mon 18/11/2019

[Blank], Donmar Warehouse review - strong but dispiriting | reviews, news & interviews

[Blank], Donmar Warehouse review - strong but dispiriting

[Blank], Donmar Warehouse review - strong but dispiriting

Alice Birch's new play prioritises form over content, and is depressingly reactionary

System failure: Shona Babayemi and Jackie Clune in '[Blank]'.Helen Maybanks

Clean Break, the theatre company that specialises in working with women in the criminal justice system, is doing a lot of celebrating. It's the 40th anniversary of this unique female organisation and already this year they have put on a variety of shows, from Chloe Moss's Sweatbox to the devised piece Inside Bitch. Now they are teaming up with Alice Birch, one of British theatre's most experimental writers, to produce [Blank] at the Donmar Warehouse, which likewise is reinventing itself as a cutting-edge venue. The theme, predictably enough, is the impact of criminal justice on women and their families.

The result is an impressionistic piece made up of fragments, like a untidy pile of shattered mirror shards, reflecting flashes of social reality. The short and sharp and often strong scenes come at you thick and fast: a mother and her daughter argue about the latter's new boyfriend; he turns out to be violent; she struggles to get herself and her kids into a shelter. Another mother is in conflict with her junkie daughter, who breaks into her house and demands money; when her mother refuses to help her, she becomes a sex worker on the street. Another mother tries to sing her child to sleep, borrowing awkwardly from Roberta Flack's "First Time Ever I Saw Your Face".

As the issues pile up - poor parenting, mental health problems and urban loneliness - the criminal justice system appears to be broken: even when it tries to help an imprisoned pregnant woman, by offering her a place in a mother and baby unit, it turns out that this is located a huge distance away from her children. In this dark vision of troubled women everyone is imprisoned, whether they are literally incarcerated or not. In a show in which some scenes are just seconds long, everywhere you look you see solitary women and lost children. A shadow of damage pervades the whole evening, with the threat of suicide ever present.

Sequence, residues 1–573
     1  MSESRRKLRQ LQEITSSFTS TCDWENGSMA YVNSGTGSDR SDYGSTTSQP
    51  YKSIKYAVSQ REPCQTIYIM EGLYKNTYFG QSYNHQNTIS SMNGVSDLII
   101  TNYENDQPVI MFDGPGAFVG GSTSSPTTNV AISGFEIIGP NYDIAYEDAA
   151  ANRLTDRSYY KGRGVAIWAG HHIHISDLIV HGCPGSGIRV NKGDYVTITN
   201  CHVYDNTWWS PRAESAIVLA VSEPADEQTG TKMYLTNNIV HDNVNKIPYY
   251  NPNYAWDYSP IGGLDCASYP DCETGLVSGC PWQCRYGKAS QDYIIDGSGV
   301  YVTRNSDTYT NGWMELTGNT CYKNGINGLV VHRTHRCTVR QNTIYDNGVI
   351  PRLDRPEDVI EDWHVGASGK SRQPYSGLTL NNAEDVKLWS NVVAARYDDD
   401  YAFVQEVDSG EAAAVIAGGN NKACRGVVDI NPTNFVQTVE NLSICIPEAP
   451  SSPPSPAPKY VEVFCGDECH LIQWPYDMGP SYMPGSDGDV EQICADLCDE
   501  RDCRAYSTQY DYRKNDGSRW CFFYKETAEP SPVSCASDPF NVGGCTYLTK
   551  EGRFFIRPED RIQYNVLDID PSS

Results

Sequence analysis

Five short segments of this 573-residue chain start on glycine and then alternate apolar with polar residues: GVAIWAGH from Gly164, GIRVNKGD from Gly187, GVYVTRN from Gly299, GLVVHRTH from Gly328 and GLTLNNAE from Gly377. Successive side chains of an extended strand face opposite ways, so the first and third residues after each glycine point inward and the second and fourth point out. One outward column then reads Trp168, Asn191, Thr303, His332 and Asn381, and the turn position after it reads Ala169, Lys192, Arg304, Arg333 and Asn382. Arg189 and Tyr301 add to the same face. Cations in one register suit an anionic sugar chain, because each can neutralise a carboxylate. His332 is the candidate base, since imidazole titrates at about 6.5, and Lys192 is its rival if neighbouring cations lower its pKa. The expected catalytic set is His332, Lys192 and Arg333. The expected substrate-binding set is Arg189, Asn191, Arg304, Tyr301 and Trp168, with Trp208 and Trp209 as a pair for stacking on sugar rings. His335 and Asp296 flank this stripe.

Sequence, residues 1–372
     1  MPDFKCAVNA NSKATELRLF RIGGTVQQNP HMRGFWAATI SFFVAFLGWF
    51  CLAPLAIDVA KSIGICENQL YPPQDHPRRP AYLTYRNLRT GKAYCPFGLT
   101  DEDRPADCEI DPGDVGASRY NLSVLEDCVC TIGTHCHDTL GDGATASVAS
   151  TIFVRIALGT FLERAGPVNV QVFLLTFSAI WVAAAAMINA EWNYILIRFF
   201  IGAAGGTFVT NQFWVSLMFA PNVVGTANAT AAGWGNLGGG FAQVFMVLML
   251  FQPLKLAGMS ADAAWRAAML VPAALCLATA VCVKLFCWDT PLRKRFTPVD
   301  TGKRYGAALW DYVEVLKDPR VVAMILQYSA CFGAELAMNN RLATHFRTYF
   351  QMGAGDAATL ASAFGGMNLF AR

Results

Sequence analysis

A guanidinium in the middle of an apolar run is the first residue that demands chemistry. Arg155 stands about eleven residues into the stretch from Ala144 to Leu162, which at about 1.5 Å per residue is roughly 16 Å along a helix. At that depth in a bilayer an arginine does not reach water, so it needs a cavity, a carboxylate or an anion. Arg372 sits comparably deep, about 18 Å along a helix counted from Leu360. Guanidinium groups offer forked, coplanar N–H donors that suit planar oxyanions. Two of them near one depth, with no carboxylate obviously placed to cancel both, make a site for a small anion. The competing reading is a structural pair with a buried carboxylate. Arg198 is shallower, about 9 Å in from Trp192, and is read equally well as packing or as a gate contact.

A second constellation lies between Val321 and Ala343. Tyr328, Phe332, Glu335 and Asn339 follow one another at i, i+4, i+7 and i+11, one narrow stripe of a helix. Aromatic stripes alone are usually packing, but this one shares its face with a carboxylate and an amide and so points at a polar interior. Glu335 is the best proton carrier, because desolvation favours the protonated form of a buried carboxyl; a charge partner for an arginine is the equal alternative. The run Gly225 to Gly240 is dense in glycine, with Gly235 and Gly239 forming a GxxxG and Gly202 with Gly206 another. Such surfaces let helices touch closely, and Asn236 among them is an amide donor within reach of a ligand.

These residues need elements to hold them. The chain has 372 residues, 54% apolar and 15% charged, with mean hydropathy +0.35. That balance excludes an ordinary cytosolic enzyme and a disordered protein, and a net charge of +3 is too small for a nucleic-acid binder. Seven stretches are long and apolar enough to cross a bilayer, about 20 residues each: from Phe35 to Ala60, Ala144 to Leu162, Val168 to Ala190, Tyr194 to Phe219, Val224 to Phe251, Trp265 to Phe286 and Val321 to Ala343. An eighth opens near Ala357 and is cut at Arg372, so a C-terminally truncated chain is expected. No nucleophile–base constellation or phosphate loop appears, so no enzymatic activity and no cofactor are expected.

This experimental show is highly collaborative: Birch has written a 516-page playtext which is heavy enough to break your toe if you let it slip out of your hand. It comprises 100 scenes of various lengths, from snapshots to longer pieces, and was first performed as part of the National Theatre's annual Connections youth theatre fest in June 2018, when it had 60 short scenes. Now, director Maria Aberg and Birch have chosen to stage 27 scenarios, and Aberg works hard to give the show some coherence. She joins up some the fragments to create a better sense of a unity of experience. The longest scene, called "Dinner Party", lasts 40 minutes and switches focus to middle-class pretensions and white-collar crime: snorting cocaine.

While several of the short scenes were either powerful or heartbreaking, I have to say that a lot of this just got on my nerves. A lot of the creative energy has gone into the experimental form of the play, leaving little thought for the content. There's no story here, no drama, no arc. No new insights; no fresh persepectives. It's also a bit rich for the playwright to attack middle-class professionals for being inauthentic and then burden her working-class characters with poetic speeches, metaphorical declamations and artificial verbal ticks. Such playwriting is self-conscious and unconvincing. And although the large cast is wonderfully diverse, the dialogues have no individual flavour: everyone speaks like everyone else.

This kind of playwriting also lacks variety in its representation of women. All the characters have the same voice and the same identity: that of victimhood. Okay, some lament and some shout, but the message is the same. I know that some women really are victims, but to represent all women as equally victimised seems not only dispiriting, but also politically reactionary. The play endlessly repeats the mantra: woman hands down misery to woman, mothers fail their daughters who go on to fail their daughters too. It's a counsel of despair. That said, the cast are extraordinarily precise and taut in their acting.

Lasting almost two hours without a break, [Blank] has a huge set by designer Rosie Elnile (pictured above), which is a great backdrop, helped by lots of visual effects, to the performances: it's hard to single out individuals in what is essentially an ensemble piece, but I really liked Jackie Clune and Thusitha Jayasundera as exasperated mothers, Shona Babayemi as a truth-telling party guest, Zainab Hasan as an agonized addict and Kate O'Flynn as an angry daughter. But however powerful and committed the performances, the result is both depressing and politically questionable.

A lot of the creative energy has gone into the experimental form of the play, leaving little thought for the content

rating

Editor Rating: 
3
Average: 3 (1 vote)

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